Twitter Lists Are Here to Stay – Deal With It

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Twitter Lists! Twitter Lists! Twitter Lists! It’s all we hear about on Twitter and blogs about Twitter and tweets about the blogs about Twitter Lists. It’s nuts. Yes, I’ve been playing around with the new shiny feature too. Why not? I’m nuts myself about Twitter but I have my own reasons for that. So what’s the big fuss? Robert Scoble loves ‘em. Chris Brogan…not so much. (I’m largely with Scoble, but I understand where Brogan’s coming from.)

There are different ways to view Twitter Lists:

  1. They’re ego-expanding
  2. They’re ego-shriviling
  3. They’re exclusionary
  4. They’re inclusionary
  5. They’re meta-data
  6. They’re organizational tools
  7. They’re networking media
  8. They’re wet dreams for spammers
  9. They’re relational databases.

It’s not always easy to see the ramifications of what appear to be minor technological changes. Twitter itself exemplifies this principle: just as the invention of zero or the wheel appeared inconsequential at first, entire new branches of mathematics and economies realed out of them. A wheel is just a round thing – but soon applications built around that shape led to radically fundamental shifts in technological upheaval. Now think of Twitter’s API. The automobile is the result of the wheel’s API. Human imagination is the ultimate API.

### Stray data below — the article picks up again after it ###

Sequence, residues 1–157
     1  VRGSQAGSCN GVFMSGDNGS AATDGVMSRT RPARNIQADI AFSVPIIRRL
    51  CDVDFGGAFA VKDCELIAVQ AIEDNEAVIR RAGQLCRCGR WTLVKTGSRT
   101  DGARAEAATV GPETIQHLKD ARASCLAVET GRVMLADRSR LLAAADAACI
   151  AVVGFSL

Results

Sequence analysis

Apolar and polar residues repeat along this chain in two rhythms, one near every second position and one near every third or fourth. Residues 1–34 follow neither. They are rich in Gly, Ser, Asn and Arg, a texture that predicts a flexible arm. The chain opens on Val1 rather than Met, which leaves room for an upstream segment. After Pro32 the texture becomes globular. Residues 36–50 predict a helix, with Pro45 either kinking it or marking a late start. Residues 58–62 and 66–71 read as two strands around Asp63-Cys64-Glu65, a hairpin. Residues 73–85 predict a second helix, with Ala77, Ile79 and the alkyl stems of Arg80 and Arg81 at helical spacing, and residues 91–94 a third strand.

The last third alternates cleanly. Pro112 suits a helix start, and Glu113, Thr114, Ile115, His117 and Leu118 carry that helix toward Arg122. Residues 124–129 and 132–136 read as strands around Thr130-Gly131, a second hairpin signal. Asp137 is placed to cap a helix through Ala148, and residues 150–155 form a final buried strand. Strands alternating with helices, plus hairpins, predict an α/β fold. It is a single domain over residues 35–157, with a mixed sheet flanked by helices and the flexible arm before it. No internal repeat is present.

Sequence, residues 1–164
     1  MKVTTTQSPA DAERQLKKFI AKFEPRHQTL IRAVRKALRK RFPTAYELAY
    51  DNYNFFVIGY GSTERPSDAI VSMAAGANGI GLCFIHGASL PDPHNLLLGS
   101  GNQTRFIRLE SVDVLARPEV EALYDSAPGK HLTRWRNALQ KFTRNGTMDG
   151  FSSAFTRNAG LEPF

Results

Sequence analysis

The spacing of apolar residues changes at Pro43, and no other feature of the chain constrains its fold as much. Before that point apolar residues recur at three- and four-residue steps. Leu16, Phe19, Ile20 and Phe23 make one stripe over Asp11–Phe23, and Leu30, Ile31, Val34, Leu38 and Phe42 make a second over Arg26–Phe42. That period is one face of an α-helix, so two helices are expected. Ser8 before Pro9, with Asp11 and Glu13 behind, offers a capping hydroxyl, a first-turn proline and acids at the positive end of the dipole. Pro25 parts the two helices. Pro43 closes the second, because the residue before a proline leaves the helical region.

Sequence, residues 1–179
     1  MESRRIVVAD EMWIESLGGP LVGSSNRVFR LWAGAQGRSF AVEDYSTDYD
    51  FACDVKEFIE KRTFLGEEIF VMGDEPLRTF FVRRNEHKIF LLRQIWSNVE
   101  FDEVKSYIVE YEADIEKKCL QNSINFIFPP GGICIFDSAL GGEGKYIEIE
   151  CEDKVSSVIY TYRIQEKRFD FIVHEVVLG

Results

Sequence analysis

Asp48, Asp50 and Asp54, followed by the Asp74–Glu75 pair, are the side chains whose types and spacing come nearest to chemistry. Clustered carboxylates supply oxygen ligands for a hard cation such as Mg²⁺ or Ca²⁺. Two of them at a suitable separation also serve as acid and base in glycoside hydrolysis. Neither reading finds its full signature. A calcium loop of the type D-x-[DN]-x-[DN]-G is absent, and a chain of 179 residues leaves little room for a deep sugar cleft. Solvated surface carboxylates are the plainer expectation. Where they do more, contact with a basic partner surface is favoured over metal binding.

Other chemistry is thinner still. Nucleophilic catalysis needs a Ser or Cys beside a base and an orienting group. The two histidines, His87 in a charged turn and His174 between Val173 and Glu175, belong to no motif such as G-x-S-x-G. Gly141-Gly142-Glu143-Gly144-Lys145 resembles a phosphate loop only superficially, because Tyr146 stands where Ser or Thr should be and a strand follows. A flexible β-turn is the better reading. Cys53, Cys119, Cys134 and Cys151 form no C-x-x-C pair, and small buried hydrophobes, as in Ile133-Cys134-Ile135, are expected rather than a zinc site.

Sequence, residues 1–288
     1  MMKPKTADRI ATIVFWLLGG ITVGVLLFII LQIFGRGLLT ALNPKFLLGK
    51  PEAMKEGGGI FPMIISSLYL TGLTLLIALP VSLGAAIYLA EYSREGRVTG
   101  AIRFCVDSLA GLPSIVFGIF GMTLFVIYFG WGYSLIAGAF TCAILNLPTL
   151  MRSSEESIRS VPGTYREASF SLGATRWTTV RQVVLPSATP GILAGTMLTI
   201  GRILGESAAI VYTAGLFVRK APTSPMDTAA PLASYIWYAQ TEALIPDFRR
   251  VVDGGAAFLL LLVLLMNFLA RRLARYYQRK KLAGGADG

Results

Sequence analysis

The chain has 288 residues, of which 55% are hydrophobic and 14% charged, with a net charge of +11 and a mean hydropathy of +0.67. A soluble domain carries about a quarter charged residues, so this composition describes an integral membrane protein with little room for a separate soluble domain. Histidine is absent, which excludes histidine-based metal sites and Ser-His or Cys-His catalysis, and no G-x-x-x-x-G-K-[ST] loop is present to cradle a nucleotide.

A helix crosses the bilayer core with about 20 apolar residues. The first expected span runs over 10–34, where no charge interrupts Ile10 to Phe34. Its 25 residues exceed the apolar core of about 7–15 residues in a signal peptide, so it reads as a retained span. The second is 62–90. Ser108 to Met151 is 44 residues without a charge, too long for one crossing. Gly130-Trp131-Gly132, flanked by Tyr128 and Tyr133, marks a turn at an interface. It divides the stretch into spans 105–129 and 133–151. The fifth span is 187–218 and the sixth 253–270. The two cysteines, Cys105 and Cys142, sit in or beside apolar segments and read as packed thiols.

So too with Twitter Lists, the consequences at first are hard to envision. Lists expand the reach of Twitter’s extensive Web. Twitter is a Web on to itself: a metaphorical protocol of people-to-people connectivity, as fundamental as TCP/IP. Soon machines will be tweeting each other. Let your imagination streach on that one. No less with Lists: we will see them used in ways Twitter, Inc. never considred.

Now you can follow Lists – entire ecosystems – just as you could follow individual accounts. In addition to following the Individual, you can now follow the Collective. With Twitter’s API, we can now add context and curation to Lists – just as services like Twazzup contextualize individual tweets, new services could do the same for Lists. In addition to What does the public think of Twitter Lists, for example, we could ask What do tech bloggers or venture capitalists or journalists think of Twitter Lists.

Depending on the events of our childhood, Twitter Lists will appeal and wound our egos. That’s OK – if you’re hurt a little by being exluded from the cool kids table, you’re human. But look past what Twitter Lists can do for the social web and figure out your own way to keep the Web as human and useful as possible.

For as much as we welcome or curse Twitter Lists, they are here to stay – one way or another. They will help and enable people to connect in new ways. They’ll hurt people too. We can hope that Twitter, Inc. will appreciate the powers of this tiny addition to their service such as permissions, but I wouldn’t count on it. Whatever Twitter does or doesn’t  and however Lists evolve, we’re all just going to have to deal with whatever comes our way.

May the Goddesses help us.

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